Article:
Wednesday, December 19, 2012

Falconry: Day 3

On Friday the 14th, the girls didn't catch anything for two hours. Al moved to a different place after I left and they caught a couple squirrels. These are edited still frames from video I shot. So far, over three days, I've devoted a single day for photo, audio and video, respectively. As the season continues I will likely pick and choose a little more to get a solid base for a piece then improve everything as time goes on.

I really love the top two. Even though the birds don't have any affection for Al like a pet dog would and the girls are still wild, that doesn't keep them from growing on Al. He truly loves and cares for his birds. 

Some of the other photos are better quality for sure but they lack the emotional and connection that I was searching for when I began this story. It's great to not have the pressure of doing this for a class. I've gotten most of what goes on in one form or another it's just a matter of focusing the story and using the right media format for the right moments. 

Friday, December 14, 2012

Poaching in Greece

Out working on the falconry story I nearly stumbled into this carcass. It was in a weird place behind some old trucks abandoned behind a church- not likely near enough to the road to have been hit but I presumed no hunter would have left the meat. 

When Al walked by and saw it he said, "What a waste." He told me a lot of poaching still occurs and pointed out where the antlers had been cut off. It had been culled for its horns and the meat left for the animals- largely wasted.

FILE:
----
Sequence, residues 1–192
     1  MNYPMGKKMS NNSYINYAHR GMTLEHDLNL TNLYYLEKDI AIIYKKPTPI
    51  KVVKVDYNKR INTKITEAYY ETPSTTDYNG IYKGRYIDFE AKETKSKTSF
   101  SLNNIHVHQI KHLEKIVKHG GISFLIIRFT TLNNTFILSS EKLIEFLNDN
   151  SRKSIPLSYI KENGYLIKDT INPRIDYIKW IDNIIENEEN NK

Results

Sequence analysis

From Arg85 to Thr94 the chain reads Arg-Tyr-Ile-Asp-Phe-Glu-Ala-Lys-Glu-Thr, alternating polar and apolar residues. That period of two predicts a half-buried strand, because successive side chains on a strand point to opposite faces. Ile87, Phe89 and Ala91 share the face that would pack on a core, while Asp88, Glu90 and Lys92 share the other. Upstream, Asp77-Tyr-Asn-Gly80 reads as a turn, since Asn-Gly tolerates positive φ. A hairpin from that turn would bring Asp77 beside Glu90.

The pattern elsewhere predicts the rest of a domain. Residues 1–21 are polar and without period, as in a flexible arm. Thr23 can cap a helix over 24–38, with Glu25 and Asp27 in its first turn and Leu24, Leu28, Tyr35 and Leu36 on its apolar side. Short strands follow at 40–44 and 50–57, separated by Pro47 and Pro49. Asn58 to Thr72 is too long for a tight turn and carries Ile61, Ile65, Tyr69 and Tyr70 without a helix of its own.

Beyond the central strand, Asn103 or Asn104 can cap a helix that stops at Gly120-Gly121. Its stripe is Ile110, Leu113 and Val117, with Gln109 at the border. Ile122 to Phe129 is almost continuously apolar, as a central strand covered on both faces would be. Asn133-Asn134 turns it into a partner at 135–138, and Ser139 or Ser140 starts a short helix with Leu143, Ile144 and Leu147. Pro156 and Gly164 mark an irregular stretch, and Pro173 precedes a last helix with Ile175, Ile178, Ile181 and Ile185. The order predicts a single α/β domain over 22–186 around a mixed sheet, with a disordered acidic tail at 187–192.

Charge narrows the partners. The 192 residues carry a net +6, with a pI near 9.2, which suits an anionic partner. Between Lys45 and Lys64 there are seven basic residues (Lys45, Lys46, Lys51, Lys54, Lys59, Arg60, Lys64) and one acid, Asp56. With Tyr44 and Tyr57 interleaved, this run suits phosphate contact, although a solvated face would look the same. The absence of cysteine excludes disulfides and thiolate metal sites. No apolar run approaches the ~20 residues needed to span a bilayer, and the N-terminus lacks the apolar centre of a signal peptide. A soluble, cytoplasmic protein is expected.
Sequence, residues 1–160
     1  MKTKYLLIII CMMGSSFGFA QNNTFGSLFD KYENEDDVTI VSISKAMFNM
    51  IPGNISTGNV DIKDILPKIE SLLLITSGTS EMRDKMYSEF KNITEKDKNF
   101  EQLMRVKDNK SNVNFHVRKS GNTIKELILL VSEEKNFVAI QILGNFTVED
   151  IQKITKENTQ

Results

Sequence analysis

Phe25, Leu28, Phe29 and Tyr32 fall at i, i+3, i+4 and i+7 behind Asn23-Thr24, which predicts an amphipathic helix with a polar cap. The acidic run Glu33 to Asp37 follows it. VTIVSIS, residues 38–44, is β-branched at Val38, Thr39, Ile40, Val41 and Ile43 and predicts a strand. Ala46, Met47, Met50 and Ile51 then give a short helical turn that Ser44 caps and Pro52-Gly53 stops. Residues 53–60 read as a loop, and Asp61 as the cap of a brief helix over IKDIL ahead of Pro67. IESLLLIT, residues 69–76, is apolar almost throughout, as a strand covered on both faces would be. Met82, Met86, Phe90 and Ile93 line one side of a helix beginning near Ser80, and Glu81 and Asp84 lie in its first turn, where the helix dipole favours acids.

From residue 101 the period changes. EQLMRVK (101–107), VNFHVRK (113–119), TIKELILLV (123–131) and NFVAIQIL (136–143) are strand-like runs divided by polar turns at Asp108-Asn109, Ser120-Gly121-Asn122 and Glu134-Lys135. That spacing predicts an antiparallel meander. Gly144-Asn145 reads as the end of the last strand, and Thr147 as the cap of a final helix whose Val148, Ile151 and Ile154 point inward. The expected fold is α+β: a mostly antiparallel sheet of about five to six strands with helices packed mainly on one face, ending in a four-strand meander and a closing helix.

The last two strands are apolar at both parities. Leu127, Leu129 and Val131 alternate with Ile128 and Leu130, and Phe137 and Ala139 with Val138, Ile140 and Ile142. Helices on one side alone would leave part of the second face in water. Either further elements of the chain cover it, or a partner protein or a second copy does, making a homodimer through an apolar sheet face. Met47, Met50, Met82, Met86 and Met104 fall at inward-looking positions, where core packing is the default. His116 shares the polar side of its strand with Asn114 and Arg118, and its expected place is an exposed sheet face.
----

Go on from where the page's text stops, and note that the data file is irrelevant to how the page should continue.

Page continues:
In October, National Geographic featured the poaching of elephants for their ivory in Botswana but this is an issue that also occurs in our area. There are a lot of people who would gladly have taken that meat. When my dad was in college, he and his roommates would dress dear that had been hit by cars near their house. This deer was likely shot so some hunters could add another rack to their wall. True, it could have been hit and discovered but we also came across a hunter on posted private property who skulked away when we gave him a wave. 

Wednesday, December 5, 2012

Falconry: Day 2

Last Saturday I went out with Al Jordan and another falconer from the area, Hank Minor. Hank's bird Mocha is still young and in training. While she didn't catch anything, Jordan's girls caught four squirrels again. 

I focused on capturing audio for the hunt with Jordan's hawks to accompany the previous hunt. 

Sunday, December 2, 2012

Falconry: Day 1

Falconry is one of the oldest forms of hunting known to man dating back to somewhere between 3000-5000 B.C. It is a partnership between a man and a wild falcon or hawk that is mutually beneficial. The hawk has a greater chance of survival than it would in the wild and the man (or woman) has the chance to hunt with a bird of prey. 

Al Jordan, the falconer who has allowed me to begin the story, has three birds named Kit (6 months), Tess (about 18 months), and Z (24 months). A bird can be trained in 17 days from being wild to hunting with a falconer. They could read a newspaper across a football field. Jordan's hawks were bred in captivity with the purpose of hunting but when released, as he will some day do, they will be perfectly capable of transitioning. His Harris hawks are not indigenous to the northeast but are found in the deep mid-south in and around Texas. They are one of the only breed of hawk than hunts together.

Both days I've gone, his hawks have caught four squirrels in about an hour. Jordan takes his hawks out every day during the season and has one of the highest kill rates in the country.